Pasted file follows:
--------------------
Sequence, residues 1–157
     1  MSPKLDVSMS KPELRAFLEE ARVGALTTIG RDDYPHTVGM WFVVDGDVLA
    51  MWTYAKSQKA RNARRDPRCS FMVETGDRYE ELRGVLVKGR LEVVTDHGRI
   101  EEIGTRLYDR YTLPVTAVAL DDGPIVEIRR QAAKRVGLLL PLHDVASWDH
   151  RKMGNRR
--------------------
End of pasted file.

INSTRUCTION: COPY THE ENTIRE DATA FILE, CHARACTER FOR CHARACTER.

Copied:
Sequence, residues 1–157
     1  MSPKLDVSMS KPELRAFLEE ARVGALTTIG RDDYPHTVGM WFVVDGDVLA
    51  MWTYAKSQKA RNARRDPRCS FMVETGDRYE ELRGVLVKGR LEVVTDHGRI
   101  EEIGTRLYDR YTLPVTAVAL DDGPIVEIRR QAAKRVGLLL PLHDVASWDH
   151  RKMGNRR